Why Elliot Rodger’s misogyny matters

Must-read on the Isla Vista terrorist.

we hunted the mammoth

A chart posted by Elliot Rodger, giving his chilling spin on a manosphere meme depicting supposed female "hypergamy" A chart posted by Elliot Rodger, giving his chilling spin on a manosphere meme depicting supposed female “hypergamy”

When a white supremacist murders blacks or Jews, no one doubts that his murders are driven by his hateful, bigoted ideology. When homophobes attack a gay youth, we rightly label this a hate crime.

But when a man filled to overflowing with hatred of women acts upon this hatred and launches a killing spree targeting women, many people find it hard to accept that his violence has anything to do with his misogyny. They’re quick to blame it on practically anything else they can think of – guns, video games, mental illness – though none of these things in themselves would explain why a killer would target women.

In the case of Elliot Rodger, who set out on Friday night aiming, as he put it in a chilling video, to…

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#auspol On Bill Heffernan’s total non-hoax with a totally fake bomb



Thanks for coming everyone – I’m sure you’re aware of the need for this emergency meeting on P-House security procedures, so I’ll skip the usual business and go straight the motions tabled. Motion 1: that we keep that embarrassing unhinged geriatric liability Bill Heffernan the fuck away from this place forever, until he dies, or at least implement the requirement that he be wheeled around on a sack-truck like Hannibal Lecter and fed with a straw.

(in perfect unison)


Frankly, some people simply don’t deserve to speak

Over at Why Evolution is True, Professor Jerry Coyne implicitly compares the Rutger University student body’s protests against Condoleeza Rice being invited to speak at their commencement (and her eventual withdrawal) to Brandeis College’s recent withdrawal of a speaking invitation and honorary doctorate to Ayaan Hirsi Ali, well-known atheist activist, author and critic of Islamic oppression, in response to pressure from an Islamic lobby group. Towards the end, Prof Coyne states:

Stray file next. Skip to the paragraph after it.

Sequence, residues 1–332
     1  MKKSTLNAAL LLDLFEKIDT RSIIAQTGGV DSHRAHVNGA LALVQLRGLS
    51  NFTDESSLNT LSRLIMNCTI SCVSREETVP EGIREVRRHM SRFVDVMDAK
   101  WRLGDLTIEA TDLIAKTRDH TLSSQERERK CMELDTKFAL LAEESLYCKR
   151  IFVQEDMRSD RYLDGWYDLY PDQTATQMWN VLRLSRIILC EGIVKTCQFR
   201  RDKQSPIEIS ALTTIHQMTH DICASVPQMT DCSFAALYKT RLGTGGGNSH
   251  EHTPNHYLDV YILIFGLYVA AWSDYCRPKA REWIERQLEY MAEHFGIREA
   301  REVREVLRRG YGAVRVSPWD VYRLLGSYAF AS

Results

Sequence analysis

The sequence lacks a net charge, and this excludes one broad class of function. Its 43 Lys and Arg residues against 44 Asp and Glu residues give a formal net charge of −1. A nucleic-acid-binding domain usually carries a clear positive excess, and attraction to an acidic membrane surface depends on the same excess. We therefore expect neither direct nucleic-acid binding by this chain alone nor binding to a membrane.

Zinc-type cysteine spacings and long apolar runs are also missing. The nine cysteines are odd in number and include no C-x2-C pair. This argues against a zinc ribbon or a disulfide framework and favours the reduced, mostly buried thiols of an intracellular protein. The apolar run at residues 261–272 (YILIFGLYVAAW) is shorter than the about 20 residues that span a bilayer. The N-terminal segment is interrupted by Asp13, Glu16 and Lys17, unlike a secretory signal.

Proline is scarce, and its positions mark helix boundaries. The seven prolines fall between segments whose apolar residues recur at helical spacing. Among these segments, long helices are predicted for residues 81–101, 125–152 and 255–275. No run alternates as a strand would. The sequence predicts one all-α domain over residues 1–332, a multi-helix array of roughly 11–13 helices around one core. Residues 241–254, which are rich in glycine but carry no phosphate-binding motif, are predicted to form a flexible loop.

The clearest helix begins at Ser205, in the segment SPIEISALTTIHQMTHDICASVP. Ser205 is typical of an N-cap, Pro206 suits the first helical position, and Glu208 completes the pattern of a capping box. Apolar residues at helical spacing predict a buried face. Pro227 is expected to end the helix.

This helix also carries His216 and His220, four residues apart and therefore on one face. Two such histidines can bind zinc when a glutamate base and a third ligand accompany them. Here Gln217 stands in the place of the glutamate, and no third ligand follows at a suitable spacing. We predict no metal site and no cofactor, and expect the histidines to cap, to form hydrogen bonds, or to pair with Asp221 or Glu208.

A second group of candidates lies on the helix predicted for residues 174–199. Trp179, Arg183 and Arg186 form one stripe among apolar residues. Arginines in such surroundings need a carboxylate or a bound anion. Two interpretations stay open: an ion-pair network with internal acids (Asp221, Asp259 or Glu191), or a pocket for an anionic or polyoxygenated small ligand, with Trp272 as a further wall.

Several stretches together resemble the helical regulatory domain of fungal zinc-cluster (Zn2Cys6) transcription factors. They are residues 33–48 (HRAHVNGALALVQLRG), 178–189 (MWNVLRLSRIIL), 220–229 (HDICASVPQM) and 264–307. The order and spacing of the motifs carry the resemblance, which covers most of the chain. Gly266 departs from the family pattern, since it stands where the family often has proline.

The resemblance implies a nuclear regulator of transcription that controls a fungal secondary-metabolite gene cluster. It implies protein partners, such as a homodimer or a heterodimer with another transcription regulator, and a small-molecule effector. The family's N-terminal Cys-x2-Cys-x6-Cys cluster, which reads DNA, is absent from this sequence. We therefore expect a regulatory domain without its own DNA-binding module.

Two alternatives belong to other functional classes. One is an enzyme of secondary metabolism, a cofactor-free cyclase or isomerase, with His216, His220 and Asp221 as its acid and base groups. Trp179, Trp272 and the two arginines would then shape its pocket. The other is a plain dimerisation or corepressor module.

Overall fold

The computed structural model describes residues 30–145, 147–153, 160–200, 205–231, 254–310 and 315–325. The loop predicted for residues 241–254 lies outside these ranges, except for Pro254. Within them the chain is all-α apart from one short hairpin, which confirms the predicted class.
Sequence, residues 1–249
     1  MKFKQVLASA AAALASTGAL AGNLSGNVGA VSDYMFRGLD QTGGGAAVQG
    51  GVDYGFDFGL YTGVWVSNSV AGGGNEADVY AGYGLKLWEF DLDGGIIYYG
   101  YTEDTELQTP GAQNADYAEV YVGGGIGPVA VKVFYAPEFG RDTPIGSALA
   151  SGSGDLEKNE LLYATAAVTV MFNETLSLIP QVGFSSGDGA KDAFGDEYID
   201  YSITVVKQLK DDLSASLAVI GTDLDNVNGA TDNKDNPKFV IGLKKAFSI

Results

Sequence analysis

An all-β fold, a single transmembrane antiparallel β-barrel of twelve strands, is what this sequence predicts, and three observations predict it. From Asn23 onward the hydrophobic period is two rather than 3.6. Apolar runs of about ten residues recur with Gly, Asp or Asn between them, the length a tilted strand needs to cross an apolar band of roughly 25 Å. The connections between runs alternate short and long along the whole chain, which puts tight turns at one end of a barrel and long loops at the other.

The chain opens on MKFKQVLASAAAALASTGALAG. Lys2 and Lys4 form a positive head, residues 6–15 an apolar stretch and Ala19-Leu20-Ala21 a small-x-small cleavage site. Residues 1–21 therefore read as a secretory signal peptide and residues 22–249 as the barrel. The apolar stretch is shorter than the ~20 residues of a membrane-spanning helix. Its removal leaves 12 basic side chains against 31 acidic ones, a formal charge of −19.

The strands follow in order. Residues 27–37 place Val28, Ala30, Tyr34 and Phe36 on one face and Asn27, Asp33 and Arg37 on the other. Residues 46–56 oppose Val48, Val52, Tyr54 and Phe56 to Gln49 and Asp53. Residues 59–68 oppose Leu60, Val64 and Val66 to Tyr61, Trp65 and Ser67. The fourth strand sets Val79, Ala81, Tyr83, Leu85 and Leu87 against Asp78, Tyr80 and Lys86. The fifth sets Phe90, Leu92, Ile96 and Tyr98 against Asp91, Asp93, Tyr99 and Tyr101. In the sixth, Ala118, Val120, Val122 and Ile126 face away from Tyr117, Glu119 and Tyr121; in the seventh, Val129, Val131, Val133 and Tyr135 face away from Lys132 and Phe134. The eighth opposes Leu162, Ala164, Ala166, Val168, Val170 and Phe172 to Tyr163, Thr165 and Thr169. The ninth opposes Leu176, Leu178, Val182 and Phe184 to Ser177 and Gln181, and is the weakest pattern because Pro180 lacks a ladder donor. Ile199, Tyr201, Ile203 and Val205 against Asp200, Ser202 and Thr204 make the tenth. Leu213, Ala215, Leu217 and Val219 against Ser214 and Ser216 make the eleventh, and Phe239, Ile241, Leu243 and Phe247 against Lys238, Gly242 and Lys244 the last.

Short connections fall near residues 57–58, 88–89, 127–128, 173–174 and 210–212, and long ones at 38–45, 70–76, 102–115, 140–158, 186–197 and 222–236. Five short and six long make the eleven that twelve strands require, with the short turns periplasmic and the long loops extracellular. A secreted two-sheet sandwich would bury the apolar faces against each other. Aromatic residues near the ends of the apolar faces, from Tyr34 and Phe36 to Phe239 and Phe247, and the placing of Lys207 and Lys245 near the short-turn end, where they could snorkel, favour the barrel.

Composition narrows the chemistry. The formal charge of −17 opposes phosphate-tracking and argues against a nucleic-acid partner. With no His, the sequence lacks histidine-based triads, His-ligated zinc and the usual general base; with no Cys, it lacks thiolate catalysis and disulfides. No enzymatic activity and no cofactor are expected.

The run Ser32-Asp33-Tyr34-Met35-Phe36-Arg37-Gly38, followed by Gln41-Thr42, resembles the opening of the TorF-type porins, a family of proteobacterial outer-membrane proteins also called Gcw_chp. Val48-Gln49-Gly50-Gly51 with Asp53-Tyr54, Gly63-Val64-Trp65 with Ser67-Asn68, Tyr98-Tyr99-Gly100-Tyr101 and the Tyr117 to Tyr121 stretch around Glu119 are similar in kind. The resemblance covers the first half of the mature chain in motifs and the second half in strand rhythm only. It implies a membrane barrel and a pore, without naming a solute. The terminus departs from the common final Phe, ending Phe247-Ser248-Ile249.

I’m no conservative, but these Commencement Police frighten me, and paint students as self-entitled, fragile beings who can’t countenance dissent—unless it’s their own.

Now, I’m not sure what the deal is in US universities and how important commencement or graduation addresses and speakers actually are, but I think listing Rice’s withdrawal from a speaking engagement in the face of student and faculty protests along with Brandeis’ shameful behaviour in response to Islamic censors is something of a false comparison. I think that students and staff should have the right to object to a prospective speaker and I commented thusly (with edits marked):

The administration Rice was part of was a shameful era in US [and global] politics. She enabled and participated in some of the most egregious illegality and brutal imperialism that country’s ever engaged in. It’s gratifying that people of a younger generation realised that and let their school know that they did not want to hear from her on such a significant day – that they did not consider her an aspirational figure, someone to be emulated, someone to be looked up to, someone with an honourable legacy.

I can understand the “forget her politics and let her speak” point of view, but that’s hard to do. It’s not like her politics are some mere abstract difference of opinion – her politics enabled her to rise to her position in the GOP and the Bush administration; her politics informed her decisions and actions while she was there. Rice’s “politics” had real, measurable and tragic consequences for untold numbers of innocent people – it’s not “PC gone mad!!1” to point this out and object to it, it’s completely justifiable. Also, considering the extreme unlikelihood of Rice (or any of her co-conspirators) ever being held to account in court for their crimes while in office, having students successfully object to you speaking at their event is a miniscule price to pay. [I’m sure a conservative heroine like Rice has more than enough invitations to sort through.]